Kino Lorber continues to release lesser-known film noirs in their The Dark Side of Cinema sets. Part XIII includes a spy thriller, a surprisingly sensitive take on mental illness, and a remake of a Hitchcock classic.
Spy Hunt (1950) begins with a bang and finishes nicely but there is a long slog in the middle that feels like it goes on forever. An old man sits on a train. When no one is looking, he pulls the tobacco out of his cigarette, slides in a bit of microfilm, and then pushes the tobacco back in. When the train stops, he exits, lights the cigarette, takes a puff, then drops it on the floor. A young woman named Catherine (Märta Torén) picks the cigarette up, puts it out, and stows it in her pocket. She then finds a train car that contains two panthers bound for America and slips the microfilm inside one of their collars.
When someone disconnects the panther’s car from the rest of the train and then derails it, their owner, Steve Quain (Howard Duff), finds himself stranded in a small village in the Swiss Alps. Soon enough, the village is swarming with a motley crew of strangers looking to either kill, paint, or tell the story of those escaped panthers.
At this point, I am all in. That’s a terrific setup and it is well done. So much so that the plodding middle section becomes even more disappointing knowing the filmmakers were capable of so much more. Once our cast of characters all settle in, the film seems to think the most exciting thing to do is to watch those panthers run around the countryside. Scene after scene has them bounding across the mountains being followed by our cast and some dogs. Every now and again, we’ll see the wild cats attack an animal, or occasionally a human, and then it’s back to showing them run across the mountains.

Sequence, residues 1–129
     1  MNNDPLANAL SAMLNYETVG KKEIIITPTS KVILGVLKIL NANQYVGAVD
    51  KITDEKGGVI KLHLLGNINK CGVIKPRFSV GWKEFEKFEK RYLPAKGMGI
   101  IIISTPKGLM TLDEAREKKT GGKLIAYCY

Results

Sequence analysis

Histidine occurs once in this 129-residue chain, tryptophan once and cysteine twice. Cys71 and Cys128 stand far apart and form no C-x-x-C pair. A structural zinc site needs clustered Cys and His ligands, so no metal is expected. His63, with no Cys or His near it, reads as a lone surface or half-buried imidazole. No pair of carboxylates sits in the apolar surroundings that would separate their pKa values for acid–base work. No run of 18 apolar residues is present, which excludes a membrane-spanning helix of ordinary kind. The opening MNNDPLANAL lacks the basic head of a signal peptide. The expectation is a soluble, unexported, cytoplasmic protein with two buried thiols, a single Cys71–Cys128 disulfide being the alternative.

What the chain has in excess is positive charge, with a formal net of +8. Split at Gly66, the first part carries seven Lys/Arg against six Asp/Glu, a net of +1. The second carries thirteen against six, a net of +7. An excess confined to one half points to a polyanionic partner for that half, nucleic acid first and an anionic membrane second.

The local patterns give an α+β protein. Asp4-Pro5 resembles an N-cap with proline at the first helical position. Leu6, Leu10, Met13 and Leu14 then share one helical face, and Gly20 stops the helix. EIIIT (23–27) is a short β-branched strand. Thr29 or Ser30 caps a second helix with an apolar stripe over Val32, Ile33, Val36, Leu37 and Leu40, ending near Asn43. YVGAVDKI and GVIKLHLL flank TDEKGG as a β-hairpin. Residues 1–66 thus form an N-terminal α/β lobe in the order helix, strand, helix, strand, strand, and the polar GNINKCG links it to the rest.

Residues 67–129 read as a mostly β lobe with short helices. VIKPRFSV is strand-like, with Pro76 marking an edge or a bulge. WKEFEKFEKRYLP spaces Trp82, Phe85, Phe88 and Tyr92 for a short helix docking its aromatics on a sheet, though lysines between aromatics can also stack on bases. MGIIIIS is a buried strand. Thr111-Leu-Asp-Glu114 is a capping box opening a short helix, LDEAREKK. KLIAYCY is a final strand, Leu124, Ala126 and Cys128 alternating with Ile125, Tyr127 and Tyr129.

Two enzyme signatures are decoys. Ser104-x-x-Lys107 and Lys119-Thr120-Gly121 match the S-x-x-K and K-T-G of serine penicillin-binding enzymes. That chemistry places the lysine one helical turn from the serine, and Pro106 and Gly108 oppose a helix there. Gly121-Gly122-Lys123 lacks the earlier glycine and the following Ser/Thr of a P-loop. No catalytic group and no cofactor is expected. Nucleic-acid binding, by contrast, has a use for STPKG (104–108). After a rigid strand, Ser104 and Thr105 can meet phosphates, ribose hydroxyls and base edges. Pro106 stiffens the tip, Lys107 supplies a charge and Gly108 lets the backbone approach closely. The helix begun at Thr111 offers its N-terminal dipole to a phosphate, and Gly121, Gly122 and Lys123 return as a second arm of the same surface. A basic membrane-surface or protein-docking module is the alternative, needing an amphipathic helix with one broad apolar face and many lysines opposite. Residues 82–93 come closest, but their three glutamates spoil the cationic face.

I assume that the producers or some other bean counter looked at how expensive it was to hire two panthers and their trainers and screamed at the director to get his money’s worth. But it grinds every bit of interest and tension the film had going for it. Eventually, the cats are captured and the microfilm is found, and the film suddenly remembers it’s a spy thriller but by then I had lost all interest.
Hollywood has a rather mixed scorecard when it comes to realistically depicting mental illness. It is all too easy, it seems, to give your villain a psychological problem to explain his actions rather than spend time giving them a real motive or a logical explanation for their crimes. Why bother putting in all that work when you can just wave your hands and write “he’s crazy”?
For its part, The Night Runner (1957) is actually sympathetic to its main character, Roy Turner (Ray Danton), who has just been released from a mental institution. Years prior, he had a mental break and at that moment he killed a man. He’s spent several years inside the institution and has taken well to his treatment. But he’s not well and he’s certainly not cured. His psychologist says as much but is overruled by his superiors. More and more patients are coming to the hospital every day. They don’t have the resources to keep everyone. Roy, it seems, has had all they can afford to give him.